Every year in May, usually around Mother's Day weekend, the Perry Street Block Association holds its Perry Paraphernalia Street Fair. For two short blocks between 7th Avenue and Bleecker Street, many residents (-and some vendors) rent a spot on the street to sell their wares. Usually this amounts to the gifts that one can't regift, old clothes, toys and some collectibles. Often what was bought last year at the fair can be seen offered up by the neighbor who took it off your hands.
As long as we lived on Perry Street we participated. At first it was exciting because we had a lot of good stuff. But as the years went by I just wanted to get rid of the excess and not hold if for a whole year so it could be sold at the fair - or not.
Ken has been a champ. Every year, come hell or high water he has participated and drafted everyone in the family, including my mother, to help sell the unsellable.
It only stand to reason that once we moved to Tel Aviv we would start to jettison our winter clothes and start to accumulate new stuff.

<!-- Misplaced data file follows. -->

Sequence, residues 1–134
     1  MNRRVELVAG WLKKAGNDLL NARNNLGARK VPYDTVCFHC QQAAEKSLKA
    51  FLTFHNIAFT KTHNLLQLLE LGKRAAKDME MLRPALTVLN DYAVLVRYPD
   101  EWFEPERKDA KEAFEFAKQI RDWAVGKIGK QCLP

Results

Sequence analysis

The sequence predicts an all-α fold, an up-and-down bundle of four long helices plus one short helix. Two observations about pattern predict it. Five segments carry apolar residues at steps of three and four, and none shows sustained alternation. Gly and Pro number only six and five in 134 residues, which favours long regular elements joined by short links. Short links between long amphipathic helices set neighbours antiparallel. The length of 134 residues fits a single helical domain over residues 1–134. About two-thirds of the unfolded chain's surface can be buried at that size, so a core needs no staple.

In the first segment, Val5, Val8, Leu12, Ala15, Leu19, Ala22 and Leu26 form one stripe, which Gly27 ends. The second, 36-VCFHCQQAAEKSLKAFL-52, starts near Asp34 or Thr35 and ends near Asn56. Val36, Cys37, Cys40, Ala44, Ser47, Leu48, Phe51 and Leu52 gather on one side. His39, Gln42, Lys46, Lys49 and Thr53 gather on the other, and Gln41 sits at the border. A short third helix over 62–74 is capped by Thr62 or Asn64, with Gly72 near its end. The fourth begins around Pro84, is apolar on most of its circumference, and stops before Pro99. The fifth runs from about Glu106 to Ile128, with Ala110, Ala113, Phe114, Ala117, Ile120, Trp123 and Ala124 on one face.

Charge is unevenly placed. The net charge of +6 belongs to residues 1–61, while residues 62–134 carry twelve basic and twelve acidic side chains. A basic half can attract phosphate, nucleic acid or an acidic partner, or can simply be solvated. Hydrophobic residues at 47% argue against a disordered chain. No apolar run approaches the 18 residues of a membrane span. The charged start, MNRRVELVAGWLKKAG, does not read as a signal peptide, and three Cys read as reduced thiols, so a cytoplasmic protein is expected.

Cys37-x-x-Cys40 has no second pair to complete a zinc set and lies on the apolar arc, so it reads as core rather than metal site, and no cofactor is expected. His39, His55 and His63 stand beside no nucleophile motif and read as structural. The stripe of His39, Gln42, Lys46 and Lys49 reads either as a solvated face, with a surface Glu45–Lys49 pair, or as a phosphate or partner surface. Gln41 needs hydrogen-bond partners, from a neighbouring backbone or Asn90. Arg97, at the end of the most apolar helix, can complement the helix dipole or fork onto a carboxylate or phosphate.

Now the time has come to start our own street fair. We are seasoned. We have to stuff to get rid of. And it is May. Ken and Isaac are bravely manning the tables on Shabazi.
In Hebrew, our little set up in the courtyard is called שוק הפשפשים (flea market). We have precious little to sell, save a lot of English textbooks and murder mysteries. No one wants the old clothes, just like no one wanted them in New York. But it is comforting to know that some traditions survive a change in country, in climate and in character.
Miss our Perry Street neighbors but luckily we have some customers.